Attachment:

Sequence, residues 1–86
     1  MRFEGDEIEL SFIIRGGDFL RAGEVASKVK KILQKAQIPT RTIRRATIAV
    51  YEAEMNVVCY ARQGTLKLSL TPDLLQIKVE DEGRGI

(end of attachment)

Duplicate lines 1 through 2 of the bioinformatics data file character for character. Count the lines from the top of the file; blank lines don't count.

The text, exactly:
Sequence, residues 1–86
     1  MRFEGDEIEL SFIIRGGDFL RAGEVASKVK KILQKAQIPT RTIRRATIAV